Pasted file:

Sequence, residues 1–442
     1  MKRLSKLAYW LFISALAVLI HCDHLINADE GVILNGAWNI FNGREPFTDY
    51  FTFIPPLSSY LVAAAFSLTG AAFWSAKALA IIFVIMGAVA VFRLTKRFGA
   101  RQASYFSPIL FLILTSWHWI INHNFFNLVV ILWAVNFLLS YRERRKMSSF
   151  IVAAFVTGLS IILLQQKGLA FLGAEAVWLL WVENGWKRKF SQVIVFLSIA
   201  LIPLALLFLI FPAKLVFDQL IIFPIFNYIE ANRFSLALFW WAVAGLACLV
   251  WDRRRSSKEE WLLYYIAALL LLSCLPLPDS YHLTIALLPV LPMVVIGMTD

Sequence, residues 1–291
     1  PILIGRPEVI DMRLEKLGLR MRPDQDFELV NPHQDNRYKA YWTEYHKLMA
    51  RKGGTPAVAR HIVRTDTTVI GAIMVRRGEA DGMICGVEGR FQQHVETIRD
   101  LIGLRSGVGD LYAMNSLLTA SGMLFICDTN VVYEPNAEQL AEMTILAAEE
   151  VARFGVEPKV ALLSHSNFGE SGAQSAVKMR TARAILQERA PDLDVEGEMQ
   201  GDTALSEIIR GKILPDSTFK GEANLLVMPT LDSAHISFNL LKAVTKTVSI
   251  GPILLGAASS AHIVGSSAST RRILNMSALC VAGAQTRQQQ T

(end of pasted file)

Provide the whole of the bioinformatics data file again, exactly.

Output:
Sequence, residues 1–442
     1  MKRLSKLAYW LFISALAVLI HCDHLINADE GVILNGAWNI FNGREPFTDY
    51  FTFIPPLSSY LVAAAFSLTG AAFWSAKALA IIFVIMGAVA VFRLTKRFGA
   101  RQASYFSPIL FLILTSWHWI INHNFFNLVV ILWAVNFLLS YRERRKMSSF
   151  IVAAFVTGLS IILLQQKGLA FLGAEAVWLL WVENGWKRKF SQVIVFLSIA
   201  LIPLALLFLI FPAKLVFDQL IIFPIFNYIE ANRFSLALFW WAVAGLACLV
   251  WDRRRSSKEE WLLYYIAALL LLSCLPLPDS YHLTIALLPV LPMVVIGMTD

Sequence, residues 1–291
     1  PILIGRPEVI DMRLEKLGLR MRPDQDFELV NPHQDNRYKA YWTEYHKLMA
    51  RKGGTPAVAR HIVRTDTTVI GAIMVRRGEA DGMICGVEGR FQQHVETIRD
   101  LIGLRSGVGD LYAMNSLLTA SGMLFICDTN VVYEPNAEQL AEMTILAAEE
   151  VARFGVEPKV ALLSHSNFGE SGAQSAVKMR TARAILQERA PDLDVEGEMQ
   201  GDTALSEIIR GKILPDSTFK GEANLLVMPT LDSAHISFNL LKAVTKTVSI
   251  GPILLGAASS AHIVGSSAST RRILNMSALC VAGAQTRQQQ T